Stuck out by the park and want some good beer? The Jeffrey is a short 15m walk away and you’ll be glad you made the trek (or the 3m cab ride). A tiny bar opens to a small room, which opens to a medium sized, private patio. 20 taps showcase local brews but also a few less exotic more mainstream brews (De Ranke, Ommegang, Dogfish Head all are on the current list). Even some Firestone Walker found its way across the US to be poured here.
One thing the Jeffrey is not, though, is cheap. Beers are typically 14oz or 16oz and range from $8 to $10. Throw the unfriendly exchange on the table and you might do a double take at your VISA statement. However, it is absolutely a worthwhile destination for spending a sunny afternoon consuming some great beer.
Verdict: ORDER THE ANCHOVIES. SCREW EVERYTHING ELSE. OH MY FUCKING GOD THOSE ARE GOOD.
We’ve all been there. You’re at some sort of depressing event out in the boondocks, staring in a cooler brimming with ice water and Molson, wondering to yourself: “What did I do wrong in my life to end up here?” Now imagine the opposite. What did I do right in my life to deserve a table at Luksus? Yes, it’s that good. In short, if the entire NYC leg of this vacation was nothing but skinny jeans and slamming PBRs at stoner art shows, Luksus would single-handedly make the whole thing a win.
Where to start? Out front is probably best, at Tørst. Tørst (pronounced “tirst”–it’s Danish for “thirst”) is the brainchild of Jeppe Jarnit-Bjergsø. Some of you know immediately who that is. Some of you recognize the name but can’t quite place it. Some of you just said it out loud in the style of the Swedish Chef. Jeppe is the guy behind Evil Twin Brewing. His twin brother is the Mikkel in Mikkeller Brewing.
Those are some serious craft beer credentials, and if you’re now expecting Tørst to be epic, you’d be right. The Evil Twin-heavy menu offsets a beautiful, wood clad room seating 45 thirsty beer fans (and no less than 20 beards). Tørst is worth the trip alone, but it’s not why I’m here.
Nope, the reason I’m here is the unmarked white door at the end of the bar. Soon, we will tapped on the shoulder and whisked through that magic door into Luksus, and it will be as if we’re in a different country. Tørst is everything a beer bar should be: busy, well laid out, and bustling with the noisy energy of dozens of conversations. Luksus, is a secluded quiet realm of a dozen seats and a kitchen.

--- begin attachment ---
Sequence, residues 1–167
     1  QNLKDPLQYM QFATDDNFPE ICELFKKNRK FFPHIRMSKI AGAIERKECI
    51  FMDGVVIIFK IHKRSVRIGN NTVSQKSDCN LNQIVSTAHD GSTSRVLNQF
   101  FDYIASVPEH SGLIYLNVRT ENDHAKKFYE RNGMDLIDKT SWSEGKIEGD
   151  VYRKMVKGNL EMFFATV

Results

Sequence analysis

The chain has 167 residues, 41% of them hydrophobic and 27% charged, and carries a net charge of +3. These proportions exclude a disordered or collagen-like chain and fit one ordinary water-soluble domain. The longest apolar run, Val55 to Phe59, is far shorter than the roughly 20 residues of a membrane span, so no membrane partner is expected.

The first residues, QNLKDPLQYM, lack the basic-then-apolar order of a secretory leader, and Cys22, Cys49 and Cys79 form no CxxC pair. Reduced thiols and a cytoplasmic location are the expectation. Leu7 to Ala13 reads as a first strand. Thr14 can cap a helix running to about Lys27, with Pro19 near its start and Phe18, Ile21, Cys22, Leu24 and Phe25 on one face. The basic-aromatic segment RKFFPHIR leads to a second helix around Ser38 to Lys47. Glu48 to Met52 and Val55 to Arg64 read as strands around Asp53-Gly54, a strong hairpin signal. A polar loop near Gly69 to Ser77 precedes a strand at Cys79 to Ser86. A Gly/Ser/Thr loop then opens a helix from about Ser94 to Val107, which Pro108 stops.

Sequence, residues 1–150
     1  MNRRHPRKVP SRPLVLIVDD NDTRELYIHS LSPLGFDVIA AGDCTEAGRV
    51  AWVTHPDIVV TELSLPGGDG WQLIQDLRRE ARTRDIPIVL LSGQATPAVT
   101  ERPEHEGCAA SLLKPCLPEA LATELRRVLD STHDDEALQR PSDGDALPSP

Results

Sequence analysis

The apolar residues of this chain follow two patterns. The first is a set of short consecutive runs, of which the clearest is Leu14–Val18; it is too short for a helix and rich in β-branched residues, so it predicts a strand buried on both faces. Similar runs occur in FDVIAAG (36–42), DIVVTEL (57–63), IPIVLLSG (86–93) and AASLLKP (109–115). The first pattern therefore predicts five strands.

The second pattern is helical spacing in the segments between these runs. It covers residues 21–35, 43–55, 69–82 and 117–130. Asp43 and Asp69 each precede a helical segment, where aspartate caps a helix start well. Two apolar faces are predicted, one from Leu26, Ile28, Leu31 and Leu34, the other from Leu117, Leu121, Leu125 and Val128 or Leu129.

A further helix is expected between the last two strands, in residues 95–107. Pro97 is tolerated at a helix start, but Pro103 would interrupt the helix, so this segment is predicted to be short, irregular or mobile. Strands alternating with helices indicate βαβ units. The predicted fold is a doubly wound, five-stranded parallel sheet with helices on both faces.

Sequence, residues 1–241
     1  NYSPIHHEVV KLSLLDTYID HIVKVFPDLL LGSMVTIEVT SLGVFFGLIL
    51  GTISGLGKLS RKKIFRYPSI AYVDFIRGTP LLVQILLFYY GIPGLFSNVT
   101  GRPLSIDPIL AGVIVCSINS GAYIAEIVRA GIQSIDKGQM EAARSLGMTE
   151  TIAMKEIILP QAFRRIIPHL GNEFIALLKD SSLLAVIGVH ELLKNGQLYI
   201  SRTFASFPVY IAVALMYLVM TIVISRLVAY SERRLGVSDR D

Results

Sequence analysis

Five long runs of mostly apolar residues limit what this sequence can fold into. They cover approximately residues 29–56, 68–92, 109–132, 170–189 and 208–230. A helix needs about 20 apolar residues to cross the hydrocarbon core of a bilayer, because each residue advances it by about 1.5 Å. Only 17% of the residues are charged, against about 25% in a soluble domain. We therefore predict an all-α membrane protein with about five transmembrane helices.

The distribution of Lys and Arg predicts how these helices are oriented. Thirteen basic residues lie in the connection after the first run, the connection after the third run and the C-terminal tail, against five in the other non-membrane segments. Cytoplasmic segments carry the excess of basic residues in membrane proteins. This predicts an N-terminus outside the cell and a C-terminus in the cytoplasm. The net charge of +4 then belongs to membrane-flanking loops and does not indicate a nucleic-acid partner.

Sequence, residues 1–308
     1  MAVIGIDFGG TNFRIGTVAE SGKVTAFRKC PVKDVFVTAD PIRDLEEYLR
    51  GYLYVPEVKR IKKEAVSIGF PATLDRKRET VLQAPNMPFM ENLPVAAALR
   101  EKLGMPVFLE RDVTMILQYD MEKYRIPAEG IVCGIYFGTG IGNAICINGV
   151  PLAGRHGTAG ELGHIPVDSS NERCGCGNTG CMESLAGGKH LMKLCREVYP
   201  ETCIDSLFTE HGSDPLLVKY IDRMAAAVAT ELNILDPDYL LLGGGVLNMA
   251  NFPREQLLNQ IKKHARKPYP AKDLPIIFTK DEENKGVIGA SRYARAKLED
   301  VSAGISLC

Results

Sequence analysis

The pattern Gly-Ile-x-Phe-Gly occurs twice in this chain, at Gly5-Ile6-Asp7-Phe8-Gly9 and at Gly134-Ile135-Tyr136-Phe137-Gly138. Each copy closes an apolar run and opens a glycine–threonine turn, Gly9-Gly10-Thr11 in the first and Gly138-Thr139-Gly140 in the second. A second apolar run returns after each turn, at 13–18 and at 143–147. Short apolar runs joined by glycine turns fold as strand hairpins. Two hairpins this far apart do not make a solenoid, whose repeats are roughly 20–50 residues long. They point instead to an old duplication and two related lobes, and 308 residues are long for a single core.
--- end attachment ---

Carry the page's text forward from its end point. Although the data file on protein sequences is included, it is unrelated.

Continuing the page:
In that kitchen is Chef Daniel Burns. If you thought Jeppe’s beer cred was impressive, Daniel’s food cred trumps it ten fold. His resume includes stints at The Fat Duck, as head of Momofuku’s food lab, and most importantly time at the widely-reknowned-as-the-best-restaurant-on-the-freaking-planet Noma. And we’re not talking about Noma in the “hey, I might once have been in the kitchen at the same time as “René Redzepi” way that many chefs do. Nope, Daniel built then ran the pastry section there for three years.
The experience that followed was the best meal I’d ever had in my life. The $90 menu and $60 beer pairing price tags can’t possibly prepare you for how extraordinary–how perfect–this meal was. That the flavours paired exceptionally with the dish and the beer was a given, as was the fact that every dish was prepared and delivered with meticulous detail to attention. The aspect that set this meal aside was the character of the dishes. Each course was presented in a way that invited you to explore the dish and combine flavours in a way that, as cheesy as it is, can only be described as fun.
Crack a wafer to uncover the course lying underneath, compare and recombine the elements of your dish a dozen ways, try first one thing and then another with the beer and discover how it changes everything. Above all, talk about the food, the beer and enjoy yourself immensely.
Verdict: The highlight of my NYC trip. Make a reservation today for three months out and do whatever horrible, unspeakably twisted thing you need to do in order to afford it. Although, to be honest, that price for a meal of this quality is basically free.
Blind Tiger 281 Bleecker St
w: blindtigeralehouse.com — t: @blindtigernyc
I’ve written extensively about the Blind Tiger before (BC Craft Beer News, Vol 1 No 4 Pg 10), so go read that article instead of requiring me to just blather on again.
Verdict: A can’t-miss for any trip to the east coast. Unfortunately, the menu was at a low ebb when I was there (in that it was merely great). Two days later it was mostly Maine Brewing Company. Fuck. Guess I have to go back.